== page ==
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White Fragility Summary

White Fragility is a 2018 book by sociologist Robin DiAngelo. This book was written after DiAngelo spent decades learning about and teaching about race in academic and organizational settings and found a pattern that white people exhibit when confronted with discussions about race, racism, and white supremacy. White supremacy is defined as people who are identified as white benefiting from the privileges of racism, such as having more access to jobs, wealth, housing, and safety than people of color.

In chapter 1, "The Challenges of Talking to White People About Racism," DiAngelo discusses the concept of "individualism." Individualism is as a belief that is foundational to racist, US society and allows white people to believe that their opinions, feelings, and beliefs are purely individual and that, therefore, when confronted with race or racism, they have nothing to do with the structural system of white supremacy. Because white people are taught that they are individuals, when they are confronted with race issues, they distance themselves from the conversation in various ways, including becoming defensive.

In chapter 2, "Racism and White Supremacy," DiAngelo outlines what racism means, the differences between racial prejudice, racial discrimination, and racism, and what she calls the "white racial frame."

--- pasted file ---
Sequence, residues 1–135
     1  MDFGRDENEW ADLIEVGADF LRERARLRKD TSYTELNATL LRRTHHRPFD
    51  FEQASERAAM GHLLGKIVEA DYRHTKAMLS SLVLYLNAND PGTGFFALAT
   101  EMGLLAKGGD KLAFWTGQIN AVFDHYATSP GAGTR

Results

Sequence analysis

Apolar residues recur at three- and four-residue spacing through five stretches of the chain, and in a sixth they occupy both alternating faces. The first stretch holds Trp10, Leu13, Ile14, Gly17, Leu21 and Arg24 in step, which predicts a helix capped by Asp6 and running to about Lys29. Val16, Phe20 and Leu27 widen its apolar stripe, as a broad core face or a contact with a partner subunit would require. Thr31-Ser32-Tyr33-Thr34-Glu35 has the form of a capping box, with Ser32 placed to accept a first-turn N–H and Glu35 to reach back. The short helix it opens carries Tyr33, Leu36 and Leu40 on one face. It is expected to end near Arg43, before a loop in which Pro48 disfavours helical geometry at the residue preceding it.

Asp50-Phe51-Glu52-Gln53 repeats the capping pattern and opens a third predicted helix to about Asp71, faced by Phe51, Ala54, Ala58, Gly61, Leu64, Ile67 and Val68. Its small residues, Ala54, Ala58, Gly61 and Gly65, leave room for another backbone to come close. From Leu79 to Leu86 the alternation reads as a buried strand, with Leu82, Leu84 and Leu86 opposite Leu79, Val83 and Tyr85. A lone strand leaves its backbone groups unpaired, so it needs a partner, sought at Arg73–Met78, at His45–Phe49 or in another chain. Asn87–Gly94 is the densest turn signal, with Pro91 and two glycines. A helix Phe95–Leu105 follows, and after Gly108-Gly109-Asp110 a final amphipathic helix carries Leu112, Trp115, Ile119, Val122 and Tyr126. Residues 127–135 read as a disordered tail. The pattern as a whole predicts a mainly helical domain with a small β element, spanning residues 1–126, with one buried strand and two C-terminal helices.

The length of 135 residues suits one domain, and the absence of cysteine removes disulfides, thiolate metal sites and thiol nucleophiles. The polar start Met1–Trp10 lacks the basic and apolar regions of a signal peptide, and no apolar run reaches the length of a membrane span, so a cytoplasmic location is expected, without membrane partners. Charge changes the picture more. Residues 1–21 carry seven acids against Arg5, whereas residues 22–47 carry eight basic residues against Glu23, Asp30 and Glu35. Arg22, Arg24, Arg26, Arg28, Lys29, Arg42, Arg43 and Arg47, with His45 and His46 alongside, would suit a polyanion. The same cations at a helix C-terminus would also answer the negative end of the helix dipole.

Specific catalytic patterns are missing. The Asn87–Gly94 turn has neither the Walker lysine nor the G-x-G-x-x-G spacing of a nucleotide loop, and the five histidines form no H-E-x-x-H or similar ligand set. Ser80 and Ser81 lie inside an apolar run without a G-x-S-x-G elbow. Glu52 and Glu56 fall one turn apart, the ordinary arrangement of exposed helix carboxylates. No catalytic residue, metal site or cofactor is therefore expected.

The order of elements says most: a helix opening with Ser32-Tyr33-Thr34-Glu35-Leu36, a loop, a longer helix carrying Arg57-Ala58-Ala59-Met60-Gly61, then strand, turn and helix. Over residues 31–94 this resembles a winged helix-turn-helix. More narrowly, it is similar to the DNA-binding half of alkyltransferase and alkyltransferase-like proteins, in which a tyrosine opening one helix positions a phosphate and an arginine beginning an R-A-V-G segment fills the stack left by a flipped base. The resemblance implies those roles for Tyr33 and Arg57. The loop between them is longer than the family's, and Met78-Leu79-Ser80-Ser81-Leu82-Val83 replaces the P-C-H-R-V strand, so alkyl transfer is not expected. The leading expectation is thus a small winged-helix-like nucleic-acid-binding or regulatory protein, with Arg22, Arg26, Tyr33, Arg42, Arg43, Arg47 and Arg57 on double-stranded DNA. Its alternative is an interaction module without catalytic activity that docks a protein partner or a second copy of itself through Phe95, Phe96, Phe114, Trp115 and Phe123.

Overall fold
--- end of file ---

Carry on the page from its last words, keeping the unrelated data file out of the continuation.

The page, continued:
Chapter 3, "Racism after the Civil Rights Movement," outlines why white people do not know their racial history and how this contributes to racist attitudes such as "colorblindness." This attitude is often held by white progressives and liberals and, she says, "cause[s] the most daily harm to people of color."

In chapter 4, "How Does Race Shape the Lives of White People?," DiAngelo discusses the way that her life has been shaped by racism. She discusses "white racial belonging": messaging about whiteness and race, segregation, and an expectation of what she calls "white solidarity/racial silence" which allows whiteness to go unchallenged in white spaces and intensifies the discomfort and reactions that white people have when confronted with issues regarding race.

Chapter 5, "The Good/Bad Binary," outlines the ways that white people react to being called a racist and examines the binary of "good" and "bad" white people and how this undermines actual anti-racist solidarity with people of color.

Chapter 6, "Anti-Blackness," looks at the ways that Blackness and Black people are constructed as the "ultimate racial other."

"Triggers for White People" is chapter 7, and it looks at how "racial triggers," which can be anything from the term "wypipo" to being called out for racism, evoke “emotions such as anger, fear...

(The entire section is 629 words.)